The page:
More than 30,000 people have signed a petition calling for teachers in France to have to teach students that Victor Hugo was racist.
It was launched earlier this month by Alexane Ozier Lafontaine, an 11th grade student studying for a baccalaureate in French Literature.
He wants Jean-Michel Blanquer - the French Minister of National Education - to amend the curriculum to "impose on French professors to no longer present Victor Hugo to us as a perfect man with no faults".
Pictured: The petition had reached more than 30,000 signatures by this morning.
Victor Hugo lived in exile in Guernsey for 15 years from 1855, having been forced out of his native France for his opposition to the regime of Napoleon III.
While living in Guernsey he finished his most famous work, Les Miserable, and wrote Toilers of the Sea and other notable pieces of literature.
With a statue of Victor Hugo looking out from Candie Gardens, his Hauteville House usually open to the public, and various other reminders of his life in Guernsey dotted around the island it is hard to ignore his time spent here.
He is considered a French icon and was famed for feeding the poor children of Guernsey, among other things during his time here.
However, Mr Ozier-Lafontaine, said he challenges the view of his French teacher who taught him that "Victor Hugo was a man of faith, who loved all humans, no matter their wealth, their age, or their social environment".
Pictured: The Victor Hugo statue at Candie Gardens.
Alexane said that "by doing rummage, I learned that his love for humans had limits. I came across an article from the website 'afrikmag' about a speech that he held about Africa on May, 18th 1879, At a banquet commemorating the abolition of slavery."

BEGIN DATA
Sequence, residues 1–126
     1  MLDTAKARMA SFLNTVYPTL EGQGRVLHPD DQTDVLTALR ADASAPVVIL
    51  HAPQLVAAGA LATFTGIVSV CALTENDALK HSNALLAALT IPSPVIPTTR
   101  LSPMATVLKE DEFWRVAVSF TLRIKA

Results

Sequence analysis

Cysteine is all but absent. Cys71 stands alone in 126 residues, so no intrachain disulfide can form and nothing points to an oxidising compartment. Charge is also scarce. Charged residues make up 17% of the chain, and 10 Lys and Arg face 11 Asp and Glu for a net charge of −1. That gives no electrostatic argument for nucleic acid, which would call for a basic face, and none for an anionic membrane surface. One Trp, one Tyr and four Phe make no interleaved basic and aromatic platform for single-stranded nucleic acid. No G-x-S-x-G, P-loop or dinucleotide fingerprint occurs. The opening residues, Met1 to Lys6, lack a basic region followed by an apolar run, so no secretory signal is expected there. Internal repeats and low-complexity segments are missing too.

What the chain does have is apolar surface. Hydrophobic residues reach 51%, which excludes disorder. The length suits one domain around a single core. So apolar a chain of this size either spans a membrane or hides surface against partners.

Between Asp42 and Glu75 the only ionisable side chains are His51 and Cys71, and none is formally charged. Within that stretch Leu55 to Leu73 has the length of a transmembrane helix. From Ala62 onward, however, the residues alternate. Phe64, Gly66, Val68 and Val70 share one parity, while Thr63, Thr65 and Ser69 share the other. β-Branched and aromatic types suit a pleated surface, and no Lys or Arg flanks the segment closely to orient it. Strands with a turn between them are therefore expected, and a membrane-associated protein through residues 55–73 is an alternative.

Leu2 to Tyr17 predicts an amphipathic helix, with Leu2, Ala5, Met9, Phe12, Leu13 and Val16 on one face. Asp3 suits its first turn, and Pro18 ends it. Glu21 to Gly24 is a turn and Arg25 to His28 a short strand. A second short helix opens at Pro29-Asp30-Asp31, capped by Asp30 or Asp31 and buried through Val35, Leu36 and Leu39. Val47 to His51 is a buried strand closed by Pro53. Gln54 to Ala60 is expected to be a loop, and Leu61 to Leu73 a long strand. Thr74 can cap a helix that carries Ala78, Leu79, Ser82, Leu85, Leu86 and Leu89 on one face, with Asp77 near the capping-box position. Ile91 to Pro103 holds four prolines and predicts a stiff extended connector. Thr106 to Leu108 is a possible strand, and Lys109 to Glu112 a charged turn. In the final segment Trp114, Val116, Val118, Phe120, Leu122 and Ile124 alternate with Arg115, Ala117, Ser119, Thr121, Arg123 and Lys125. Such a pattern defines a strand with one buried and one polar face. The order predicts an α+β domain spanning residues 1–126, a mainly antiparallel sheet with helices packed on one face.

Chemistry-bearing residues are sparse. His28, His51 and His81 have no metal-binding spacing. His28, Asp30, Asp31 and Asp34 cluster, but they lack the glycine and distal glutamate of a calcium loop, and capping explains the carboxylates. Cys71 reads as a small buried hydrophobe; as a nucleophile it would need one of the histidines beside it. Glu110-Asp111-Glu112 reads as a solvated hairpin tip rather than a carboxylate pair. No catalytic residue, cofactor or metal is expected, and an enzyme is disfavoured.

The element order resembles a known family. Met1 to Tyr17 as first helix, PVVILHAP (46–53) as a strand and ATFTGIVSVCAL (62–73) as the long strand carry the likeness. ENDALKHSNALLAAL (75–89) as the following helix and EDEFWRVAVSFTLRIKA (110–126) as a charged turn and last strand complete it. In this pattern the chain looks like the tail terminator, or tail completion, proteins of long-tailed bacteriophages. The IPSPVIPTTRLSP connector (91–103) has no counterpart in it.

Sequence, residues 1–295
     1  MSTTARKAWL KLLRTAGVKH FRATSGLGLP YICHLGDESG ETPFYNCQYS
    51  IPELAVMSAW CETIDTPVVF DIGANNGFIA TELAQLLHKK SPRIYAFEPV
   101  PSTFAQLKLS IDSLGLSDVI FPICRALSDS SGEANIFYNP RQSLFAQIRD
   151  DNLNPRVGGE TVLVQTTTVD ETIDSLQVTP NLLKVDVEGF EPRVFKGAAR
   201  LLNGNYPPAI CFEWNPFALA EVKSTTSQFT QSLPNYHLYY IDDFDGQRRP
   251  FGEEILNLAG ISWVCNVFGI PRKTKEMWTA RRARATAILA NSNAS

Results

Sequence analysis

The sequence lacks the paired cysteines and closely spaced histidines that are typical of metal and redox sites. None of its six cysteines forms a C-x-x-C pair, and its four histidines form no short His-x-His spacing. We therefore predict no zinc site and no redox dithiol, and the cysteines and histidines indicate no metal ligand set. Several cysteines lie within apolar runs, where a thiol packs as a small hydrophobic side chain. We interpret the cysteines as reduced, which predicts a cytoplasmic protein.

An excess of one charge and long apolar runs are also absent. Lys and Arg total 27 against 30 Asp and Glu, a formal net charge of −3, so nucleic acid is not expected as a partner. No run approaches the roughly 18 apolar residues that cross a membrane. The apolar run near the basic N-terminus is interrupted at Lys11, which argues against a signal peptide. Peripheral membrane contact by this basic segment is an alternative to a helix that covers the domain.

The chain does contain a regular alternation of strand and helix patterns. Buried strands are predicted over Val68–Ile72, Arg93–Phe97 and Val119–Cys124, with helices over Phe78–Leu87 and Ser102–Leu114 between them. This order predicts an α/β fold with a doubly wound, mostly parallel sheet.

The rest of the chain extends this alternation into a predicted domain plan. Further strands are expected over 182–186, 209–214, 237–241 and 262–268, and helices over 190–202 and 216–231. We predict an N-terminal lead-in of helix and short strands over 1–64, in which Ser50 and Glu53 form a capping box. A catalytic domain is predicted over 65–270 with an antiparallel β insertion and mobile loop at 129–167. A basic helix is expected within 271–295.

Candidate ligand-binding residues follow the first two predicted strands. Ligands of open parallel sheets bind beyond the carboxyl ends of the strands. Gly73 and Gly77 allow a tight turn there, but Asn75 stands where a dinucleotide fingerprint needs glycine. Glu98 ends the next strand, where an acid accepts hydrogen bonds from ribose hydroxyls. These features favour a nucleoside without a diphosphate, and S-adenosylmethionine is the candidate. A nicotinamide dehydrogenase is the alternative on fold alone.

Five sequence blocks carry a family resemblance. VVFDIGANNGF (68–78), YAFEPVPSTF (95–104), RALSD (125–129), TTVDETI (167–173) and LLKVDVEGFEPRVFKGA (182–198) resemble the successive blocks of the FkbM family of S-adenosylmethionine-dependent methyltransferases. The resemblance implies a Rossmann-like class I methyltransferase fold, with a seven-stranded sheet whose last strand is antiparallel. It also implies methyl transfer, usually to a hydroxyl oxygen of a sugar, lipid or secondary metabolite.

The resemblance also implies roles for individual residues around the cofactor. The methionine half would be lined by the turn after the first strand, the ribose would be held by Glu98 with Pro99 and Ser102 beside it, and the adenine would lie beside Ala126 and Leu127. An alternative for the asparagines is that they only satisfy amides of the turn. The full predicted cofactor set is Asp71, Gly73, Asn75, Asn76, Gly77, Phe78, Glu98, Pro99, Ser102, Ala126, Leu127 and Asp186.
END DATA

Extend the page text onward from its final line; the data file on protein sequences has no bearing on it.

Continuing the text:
Using Change.org to push for a change in the French curriculum, Alexane write that "this year, I became really aware of the impact that literature could have on our society. I've learned that it has always played a major role in the history of France. So as a French citizen, but also as a Slave descendant, I'm asking you, In the name of freedom, equality, and fraternity, to reform the curriculum of pupils of the first class of the French islands, but also of all France. Because how can we tell young Martinicans, Guadeloupeans and other young French West Indians that they are French and equal to the French from France if we learn in school the words of a man who, only 138 years ago, made statements such as 'What would Africa be without the whites? Nothing: a block of sand; the night; Paralysis; Of the lunar landscapes. Africa exists only because the white man has touched it.' We can't.
"These words are shocking and we must, in the 21st century, no longer bury them as if nothing had happened."